Question Video: Finding the Limit of a Function from Its Graph at a Point of Removable Discontinuity If the Limit Exists Mathematics • Higher Education

Determine the limit as π‘₯ ⟢ βˆ’1 of the function represented by the graph.

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Video Transcript

Determine the limit as π‘₯ approaches negative one of the function represented by the graph.

We’re given the graph of a function. And we need to determine the limit as π‘₯ approaches negative one of this function by using the graph. To start, we can see that our 𝑦-axis is labeled 𝑓 of π‘₯. So we’ll call our function 𝑓 of π‘₯. Let’s now recall what we mean by the limit as π‘₯ approaches negative one of a function 𝑓 of π‘₯.

The first thing we need to recall is the notation which represents this. We represent this by saying the limit as π‘₯ approaches negative one of 𝑓 of π‘₯. And what this means is, it’s the value that 𝑓 of π‘₯ approaches as π‘₯ tends to negative one. In other words, as our input values of π‘₯ are getting closer and closer to negative one, we want to see what happens to our output values 𝑓 of π‘₯.

Remember that our input values of π‘₯ will be on the π‘₯-axis. Since we want to know what happens as π‘₯ gets closer and closer to negative one, let’s mark this on our π‘₯-axis. And now we can see something interesting. We can see that our function 𝑓 of π‘₯ is not defined when π‘₯ is equal to negative one. This is represented by the hollow circle in our curve.

We might think this is a problem. However, remember, we’re only interested in what happens to our outputs as π‘₯ tends to negative one. This means we’re only interested in what happens to our outputs as π‘₯ gets closer and closer to negative one. Our value of π‘₯ will never be equal to negative one. We want to know what happens around this value.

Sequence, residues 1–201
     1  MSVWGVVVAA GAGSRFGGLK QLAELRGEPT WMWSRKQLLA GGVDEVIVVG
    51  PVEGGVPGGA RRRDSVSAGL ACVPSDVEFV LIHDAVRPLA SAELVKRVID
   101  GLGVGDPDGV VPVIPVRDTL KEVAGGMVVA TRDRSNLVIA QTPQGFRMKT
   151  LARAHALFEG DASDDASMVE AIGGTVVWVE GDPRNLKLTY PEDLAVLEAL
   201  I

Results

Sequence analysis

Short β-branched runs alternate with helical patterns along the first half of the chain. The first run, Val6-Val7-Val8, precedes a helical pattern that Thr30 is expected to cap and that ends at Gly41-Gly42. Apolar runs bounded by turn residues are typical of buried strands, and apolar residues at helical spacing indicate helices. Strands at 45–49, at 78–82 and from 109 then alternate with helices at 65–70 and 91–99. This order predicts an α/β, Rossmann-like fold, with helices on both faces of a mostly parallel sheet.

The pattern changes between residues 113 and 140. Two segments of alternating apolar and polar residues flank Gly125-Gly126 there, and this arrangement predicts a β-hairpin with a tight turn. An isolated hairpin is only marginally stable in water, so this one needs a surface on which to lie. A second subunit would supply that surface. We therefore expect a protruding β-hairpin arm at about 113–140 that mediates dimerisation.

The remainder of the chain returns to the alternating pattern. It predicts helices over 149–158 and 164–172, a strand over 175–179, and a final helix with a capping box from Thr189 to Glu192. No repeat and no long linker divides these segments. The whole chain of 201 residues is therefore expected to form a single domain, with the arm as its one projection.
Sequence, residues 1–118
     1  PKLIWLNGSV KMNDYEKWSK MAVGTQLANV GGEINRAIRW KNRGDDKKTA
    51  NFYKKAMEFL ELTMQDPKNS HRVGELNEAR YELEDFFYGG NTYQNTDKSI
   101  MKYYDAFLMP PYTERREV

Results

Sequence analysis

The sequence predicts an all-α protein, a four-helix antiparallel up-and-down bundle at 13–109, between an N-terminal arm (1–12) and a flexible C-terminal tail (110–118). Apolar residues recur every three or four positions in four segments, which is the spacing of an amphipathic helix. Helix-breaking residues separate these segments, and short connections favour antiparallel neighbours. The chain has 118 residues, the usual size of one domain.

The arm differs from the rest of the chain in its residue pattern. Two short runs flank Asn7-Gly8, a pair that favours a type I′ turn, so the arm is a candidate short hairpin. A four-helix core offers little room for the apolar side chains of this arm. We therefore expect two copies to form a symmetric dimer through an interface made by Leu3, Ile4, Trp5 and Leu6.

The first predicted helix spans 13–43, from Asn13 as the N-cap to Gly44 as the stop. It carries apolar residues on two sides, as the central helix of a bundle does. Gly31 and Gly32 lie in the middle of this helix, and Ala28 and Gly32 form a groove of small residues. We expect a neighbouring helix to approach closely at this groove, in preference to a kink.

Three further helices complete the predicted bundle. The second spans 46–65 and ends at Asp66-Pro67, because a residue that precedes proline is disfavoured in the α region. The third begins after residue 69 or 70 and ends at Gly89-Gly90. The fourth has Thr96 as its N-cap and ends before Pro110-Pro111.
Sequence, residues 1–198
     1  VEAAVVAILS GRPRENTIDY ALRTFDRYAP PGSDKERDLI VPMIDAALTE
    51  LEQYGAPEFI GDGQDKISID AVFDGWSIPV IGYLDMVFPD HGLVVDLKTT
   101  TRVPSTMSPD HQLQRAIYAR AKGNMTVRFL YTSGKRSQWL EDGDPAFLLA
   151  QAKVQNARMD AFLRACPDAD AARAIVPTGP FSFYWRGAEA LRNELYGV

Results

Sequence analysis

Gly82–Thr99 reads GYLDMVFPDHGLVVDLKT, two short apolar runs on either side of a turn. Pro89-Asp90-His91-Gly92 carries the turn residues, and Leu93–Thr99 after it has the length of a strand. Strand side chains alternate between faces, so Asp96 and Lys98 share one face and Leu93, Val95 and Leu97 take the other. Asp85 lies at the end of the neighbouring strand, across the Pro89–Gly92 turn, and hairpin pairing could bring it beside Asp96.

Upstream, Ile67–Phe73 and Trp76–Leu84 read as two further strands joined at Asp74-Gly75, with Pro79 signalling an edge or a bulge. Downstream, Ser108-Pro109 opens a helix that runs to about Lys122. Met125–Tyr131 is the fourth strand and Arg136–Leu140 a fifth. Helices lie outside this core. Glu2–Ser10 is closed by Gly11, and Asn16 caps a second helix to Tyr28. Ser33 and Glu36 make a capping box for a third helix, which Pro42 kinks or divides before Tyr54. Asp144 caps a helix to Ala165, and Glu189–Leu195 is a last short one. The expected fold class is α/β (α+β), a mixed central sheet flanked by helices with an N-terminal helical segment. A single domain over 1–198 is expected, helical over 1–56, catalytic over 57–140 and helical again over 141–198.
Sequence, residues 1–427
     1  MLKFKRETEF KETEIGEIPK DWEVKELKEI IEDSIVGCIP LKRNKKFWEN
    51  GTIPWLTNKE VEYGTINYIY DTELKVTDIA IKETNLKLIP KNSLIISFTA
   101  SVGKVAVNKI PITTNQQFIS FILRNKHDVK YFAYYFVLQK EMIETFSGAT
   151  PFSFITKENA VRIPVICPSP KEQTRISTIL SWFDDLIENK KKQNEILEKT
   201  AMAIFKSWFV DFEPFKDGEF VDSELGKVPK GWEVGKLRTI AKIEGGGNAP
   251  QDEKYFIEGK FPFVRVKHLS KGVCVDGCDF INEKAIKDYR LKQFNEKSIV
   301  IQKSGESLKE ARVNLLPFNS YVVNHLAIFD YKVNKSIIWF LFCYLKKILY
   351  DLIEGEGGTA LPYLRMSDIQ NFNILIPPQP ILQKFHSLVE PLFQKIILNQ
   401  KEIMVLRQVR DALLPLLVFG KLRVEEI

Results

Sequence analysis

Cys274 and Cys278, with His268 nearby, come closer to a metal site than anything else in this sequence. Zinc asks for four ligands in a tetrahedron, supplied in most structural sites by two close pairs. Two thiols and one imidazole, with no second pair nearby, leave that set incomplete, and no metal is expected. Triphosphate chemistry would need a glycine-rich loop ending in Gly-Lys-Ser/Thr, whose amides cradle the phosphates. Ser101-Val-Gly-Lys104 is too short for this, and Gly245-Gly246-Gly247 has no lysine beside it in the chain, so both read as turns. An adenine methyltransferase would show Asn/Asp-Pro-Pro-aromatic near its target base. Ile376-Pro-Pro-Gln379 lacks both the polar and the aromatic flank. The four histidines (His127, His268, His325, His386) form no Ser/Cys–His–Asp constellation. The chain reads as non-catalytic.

Let’s start by seeing what happens as our values of π‘₯ approach negative one from the left. In other words, our inputs will all be less than negative one. To start, we can see if we input a value of π‘₯ is equal to negative six, then our function 𝑓 of π‘₯ outputs negative five. In other words, 𝑓 of negative six is negative five.

We can do the same when we input negative four. We can see that our function will output negative three. In other words, 𝑓 of negative four is equal to negative three. And we can continue doing this, getting closer. When we input negative two, our function outputs negative one. Well, we want to know what happens as our inputs are getting closer and closer to negative one. And if we continue doing this, we can see that our outputs are getting closer and closer to zero. But this is only one side of the story. What happens when our values of π‘₯ get closer and closer to negative one from the right? In other words, our inputs will all be bigger than negative one.

And we can answer this in exactly the same way. First, if we input six, we can see that our function outputs seven. Next, when our input value of π‘₯ is equal to four, we can see that our function outputs five. And we can keep doing this. When we input π‘₯ is equal to two, our function outputs three. And when we input π‘₯ is equal to zero, our function outputs one. And if we keep getting closer and closer to π‘₯ is equal to negative one, we can see that once again our outputs are approaching zero.

So in both cases, our outputs were getting closer and closer to zero. And because in both cases we were getting closer and closer to zero, we can conclude that this limit must be equal to zero. Therefore, we were able to show the limit as π‘₯ approaches negative one of the function 𝑓 of π‘₯ given to us in the graph is equal to zero.

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